Thursday, July 22, 2010

The Herd Instinct: Correlation Soars

Here's a Wall Street Journal article on how much more correlated stocks have become recently.

In a nutshell the article says:

Flock-like behavior is a reflection of the growing influence of investors using strategies to buy and sell large blocks of stocks.

Instead of picking individual stocks they trade in and out of the market using broad index ETFs.

Trading in exchange-traded funds means more stocks are likely to move in the same direction on any given day.

Correlation is on the rise which can be annoying to those who are buying individual stocks.

The average correlation since 1980 has been 44%.

Last week it surpassed its 2008 high of 79% and hit 81% (the highest level since the 1987 crash).

Here's my take. Lets say you want to buy a good business like Coca-Cola (KO). After you accumulate enough share at an attractive price, lets assume the correlation caused by the rapid fire trading of baskets of stocks described above occurs. In time, lets also say that these highly correlated daily price movements of KO with other stocks (some with clearly inferior economics) causes it to become mispriced. This would only be a bad thing if your investment horizon was a short one because...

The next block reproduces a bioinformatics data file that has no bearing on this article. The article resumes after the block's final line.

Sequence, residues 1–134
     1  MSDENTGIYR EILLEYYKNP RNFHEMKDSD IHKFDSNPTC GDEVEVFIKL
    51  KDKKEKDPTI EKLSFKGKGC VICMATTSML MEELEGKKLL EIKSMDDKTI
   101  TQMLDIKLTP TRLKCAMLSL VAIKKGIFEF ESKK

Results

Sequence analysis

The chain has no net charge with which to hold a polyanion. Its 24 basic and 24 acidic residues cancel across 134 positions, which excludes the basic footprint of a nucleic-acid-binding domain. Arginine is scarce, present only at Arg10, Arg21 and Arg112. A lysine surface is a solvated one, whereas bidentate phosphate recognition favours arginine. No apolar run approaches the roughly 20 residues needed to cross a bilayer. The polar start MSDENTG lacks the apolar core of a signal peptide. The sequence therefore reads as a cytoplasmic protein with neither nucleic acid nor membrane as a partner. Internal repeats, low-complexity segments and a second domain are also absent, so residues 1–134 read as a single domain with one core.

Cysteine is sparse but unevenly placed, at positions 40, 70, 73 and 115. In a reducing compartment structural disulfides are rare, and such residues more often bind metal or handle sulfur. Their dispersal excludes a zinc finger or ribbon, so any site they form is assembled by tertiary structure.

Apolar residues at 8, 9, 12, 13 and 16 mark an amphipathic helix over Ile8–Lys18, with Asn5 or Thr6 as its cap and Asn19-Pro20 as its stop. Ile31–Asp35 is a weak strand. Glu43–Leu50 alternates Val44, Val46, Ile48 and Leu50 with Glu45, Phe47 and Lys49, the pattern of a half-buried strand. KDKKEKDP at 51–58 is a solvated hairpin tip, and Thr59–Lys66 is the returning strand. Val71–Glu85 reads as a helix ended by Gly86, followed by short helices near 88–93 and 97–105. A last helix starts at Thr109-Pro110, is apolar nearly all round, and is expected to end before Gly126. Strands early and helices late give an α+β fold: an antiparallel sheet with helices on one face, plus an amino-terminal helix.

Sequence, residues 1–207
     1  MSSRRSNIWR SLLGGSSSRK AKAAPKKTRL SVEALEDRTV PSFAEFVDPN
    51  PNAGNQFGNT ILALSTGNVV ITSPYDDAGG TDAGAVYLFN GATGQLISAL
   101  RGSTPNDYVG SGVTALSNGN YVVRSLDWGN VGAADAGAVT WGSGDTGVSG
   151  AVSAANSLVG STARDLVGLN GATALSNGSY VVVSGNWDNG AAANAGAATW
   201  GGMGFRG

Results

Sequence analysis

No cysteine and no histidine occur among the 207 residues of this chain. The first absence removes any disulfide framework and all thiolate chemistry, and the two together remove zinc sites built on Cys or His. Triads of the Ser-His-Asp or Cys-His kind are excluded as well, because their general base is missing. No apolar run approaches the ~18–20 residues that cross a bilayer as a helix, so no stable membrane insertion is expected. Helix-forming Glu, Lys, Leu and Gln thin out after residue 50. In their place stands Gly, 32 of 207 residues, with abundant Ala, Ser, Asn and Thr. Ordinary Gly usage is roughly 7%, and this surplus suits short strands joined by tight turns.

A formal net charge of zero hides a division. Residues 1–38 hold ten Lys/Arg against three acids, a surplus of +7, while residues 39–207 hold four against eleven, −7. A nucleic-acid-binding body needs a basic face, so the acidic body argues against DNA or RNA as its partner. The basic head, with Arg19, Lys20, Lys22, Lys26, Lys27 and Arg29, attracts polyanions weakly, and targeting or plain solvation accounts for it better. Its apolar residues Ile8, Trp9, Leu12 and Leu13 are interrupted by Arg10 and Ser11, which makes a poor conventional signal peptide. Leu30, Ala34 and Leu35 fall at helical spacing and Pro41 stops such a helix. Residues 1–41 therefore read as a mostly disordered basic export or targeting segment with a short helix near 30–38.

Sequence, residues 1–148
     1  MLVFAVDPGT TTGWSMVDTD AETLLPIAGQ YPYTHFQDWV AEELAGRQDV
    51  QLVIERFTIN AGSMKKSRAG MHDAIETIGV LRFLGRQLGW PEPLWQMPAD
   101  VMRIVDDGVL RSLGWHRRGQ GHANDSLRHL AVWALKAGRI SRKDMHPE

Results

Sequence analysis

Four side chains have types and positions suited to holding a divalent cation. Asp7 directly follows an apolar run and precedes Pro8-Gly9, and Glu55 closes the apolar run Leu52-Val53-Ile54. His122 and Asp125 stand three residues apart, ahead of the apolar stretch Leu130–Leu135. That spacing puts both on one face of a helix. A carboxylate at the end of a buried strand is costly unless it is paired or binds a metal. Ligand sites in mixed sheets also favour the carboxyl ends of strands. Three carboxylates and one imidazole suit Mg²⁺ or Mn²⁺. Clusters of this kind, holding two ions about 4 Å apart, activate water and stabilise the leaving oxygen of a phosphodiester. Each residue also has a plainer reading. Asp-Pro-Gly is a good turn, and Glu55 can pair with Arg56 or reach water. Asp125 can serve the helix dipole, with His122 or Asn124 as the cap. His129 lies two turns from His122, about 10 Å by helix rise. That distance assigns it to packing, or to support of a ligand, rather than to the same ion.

• At one extreme, if KO happened to stay cheap for a number of years both you as an investor and the company (using its own FCF) will be given the opportunity to buy more shares at that below intrinsic value price over time (increasing long-term returns).
  • At the other extreme, if the multiple of price to FCF becomes exceptionally high (think Coca-Cola in late 90s with 50 plus multiple), it allows the sale of shares at prices clearly well above intrinsic value (also increases returns).
So if you make a good judgment on what a business is worth and buy it with the right margin of safety, high correlation is either just noise* or opportunity in the long run.

With patience it can be used to enhance long-term returns.

Adam

Long KO

* In the context of investing for the long-term this is really just noise. If you look at this in a broader context, these swings from bubble to compressed valuations likely means a significant misallocation of capital is occurring. Allow it to persist and it will hurt the real economy and might, all else equal, cause living standards to improve at a reduced rate.
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